Dal's Influence On America

784 Words4 Pages
Throughout the years, the world has known many great authors and poets. America has only taught and recognized a select few of those wonderful writers from around the world. Numerous amounts of people could easily tell you Edgar Allen Poe, William Shakespeare, and Mark Twain. How many other writers would be as easily recognized for their work in America? For example, Spain has many excellent writers America knows nothing about. Very few Americans get the opportunity to learn from and about these people who changed their country’s future with their powerful writing. A lesser known poet in America , is perhaps one of the greatest writers known to today’s spanish speaking countries. Federico García Lorca was born on June 5, 1898 in Fuente,…show more content…
He took nine years to earn a bachelor’s degree. He soon dropped out of college and despite plans to become a musician and famous composer, he took up writing in his late teens. He noted inspiration in writers from great authors like, Shakespeare, Goethe, and spanish poet Antonio Machado with his spiritual and sexual derivatives. In 1919, Lorca lived in a men’s hall where he met his later-to-be romantic partner: Salvador Dali. Dali would later influence and help Lorca with many of his finest works. His career started with Dali, and only lasted a short nineteen years. Dali was said to influence Lorca’s poem, “Romancero gitano,” (Gypsy Ballad.) This was a major eye opener for the public to Federico because of it’s involvement with Earth, blood, sex, water, fertility, infertility, death, homosexuality (which was not excepted in his time or province,) and the moon. He later wrote many more, this individual piece only making him rather famous in the eye of the…show more content…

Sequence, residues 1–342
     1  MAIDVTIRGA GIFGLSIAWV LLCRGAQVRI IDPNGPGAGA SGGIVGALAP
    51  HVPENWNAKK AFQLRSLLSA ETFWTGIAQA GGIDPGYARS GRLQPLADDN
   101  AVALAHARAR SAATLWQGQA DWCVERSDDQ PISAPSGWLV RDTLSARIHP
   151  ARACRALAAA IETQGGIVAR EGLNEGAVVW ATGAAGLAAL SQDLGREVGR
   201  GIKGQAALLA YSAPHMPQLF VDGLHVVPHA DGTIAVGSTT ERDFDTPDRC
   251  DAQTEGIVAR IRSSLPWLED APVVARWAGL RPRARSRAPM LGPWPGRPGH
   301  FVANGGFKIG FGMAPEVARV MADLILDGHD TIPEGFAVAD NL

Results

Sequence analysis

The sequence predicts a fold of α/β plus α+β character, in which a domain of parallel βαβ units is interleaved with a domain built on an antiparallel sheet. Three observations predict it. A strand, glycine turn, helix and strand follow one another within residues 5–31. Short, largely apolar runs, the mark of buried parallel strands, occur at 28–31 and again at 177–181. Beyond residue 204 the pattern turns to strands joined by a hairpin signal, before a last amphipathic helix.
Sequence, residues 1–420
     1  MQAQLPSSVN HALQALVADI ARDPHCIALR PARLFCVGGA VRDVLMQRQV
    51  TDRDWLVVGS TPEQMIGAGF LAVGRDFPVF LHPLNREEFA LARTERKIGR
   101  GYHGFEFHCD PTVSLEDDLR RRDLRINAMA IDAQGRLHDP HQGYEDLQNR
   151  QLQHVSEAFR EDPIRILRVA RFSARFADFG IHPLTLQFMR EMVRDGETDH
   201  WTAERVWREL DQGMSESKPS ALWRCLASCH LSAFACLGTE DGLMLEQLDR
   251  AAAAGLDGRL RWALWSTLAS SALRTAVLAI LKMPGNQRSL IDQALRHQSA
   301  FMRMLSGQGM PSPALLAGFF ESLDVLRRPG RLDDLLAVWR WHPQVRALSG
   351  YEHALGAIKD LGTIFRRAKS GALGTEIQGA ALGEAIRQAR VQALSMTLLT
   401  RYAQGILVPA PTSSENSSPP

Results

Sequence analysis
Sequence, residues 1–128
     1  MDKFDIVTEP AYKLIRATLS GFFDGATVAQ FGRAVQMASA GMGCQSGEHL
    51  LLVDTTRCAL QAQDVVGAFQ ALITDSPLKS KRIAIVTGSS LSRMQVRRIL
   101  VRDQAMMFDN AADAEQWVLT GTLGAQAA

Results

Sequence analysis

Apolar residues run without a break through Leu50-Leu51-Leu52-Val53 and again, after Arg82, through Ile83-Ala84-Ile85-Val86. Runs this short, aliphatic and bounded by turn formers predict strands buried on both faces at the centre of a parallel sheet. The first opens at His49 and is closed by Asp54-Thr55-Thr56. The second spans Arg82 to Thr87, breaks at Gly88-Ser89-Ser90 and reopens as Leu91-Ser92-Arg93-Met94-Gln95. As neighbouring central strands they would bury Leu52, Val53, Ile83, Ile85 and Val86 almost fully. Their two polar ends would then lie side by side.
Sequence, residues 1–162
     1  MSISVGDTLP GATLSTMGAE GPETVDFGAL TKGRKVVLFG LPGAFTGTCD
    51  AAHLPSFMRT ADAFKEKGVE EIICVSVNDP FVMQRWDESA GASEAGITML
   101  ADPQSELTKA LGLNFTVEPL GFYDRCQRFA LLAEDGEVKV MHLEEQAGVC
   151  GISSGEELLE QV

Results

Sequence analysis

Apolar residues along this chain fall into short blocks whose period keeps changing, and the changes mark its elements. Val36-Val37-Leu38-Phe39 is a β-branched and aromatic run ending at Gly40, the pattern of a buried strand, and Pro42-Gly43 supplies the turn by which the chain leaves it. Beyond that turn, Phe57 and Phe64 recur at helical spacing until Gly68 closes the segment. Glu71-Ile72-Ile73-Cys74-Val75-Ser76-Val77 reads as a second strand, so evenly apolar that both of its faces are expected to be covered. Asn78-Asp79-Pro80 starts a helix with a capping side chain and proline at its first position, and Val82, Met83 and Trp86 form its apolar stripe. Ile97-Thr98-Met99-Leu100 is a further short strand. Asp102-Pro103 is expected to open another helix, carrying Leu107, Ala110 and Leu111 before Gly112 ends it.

The first part of the trilogy, named, “Bodas de Sangre,” (The Blood Wedding) was made in 1933. It portrays a woman who runs away with a previous love interest on the day of her wedding. “Yerma” (No translation,) the second part, showcases a deadly situation in a loveless marriage. The heroine of the story strangles her husband for not understanding her need to love and have children. The third and final part in the trilogy, “La Casa de Bernada Alba,” (The House of Bernada Alba,) depicts a controlling and dictatorial mother, Bernada Alba, and her daughters. The youngest daughter commits suicide over Pepe el Romano, her love interest who is engaged to her older sister. This story collection was finished just before Lorca’s
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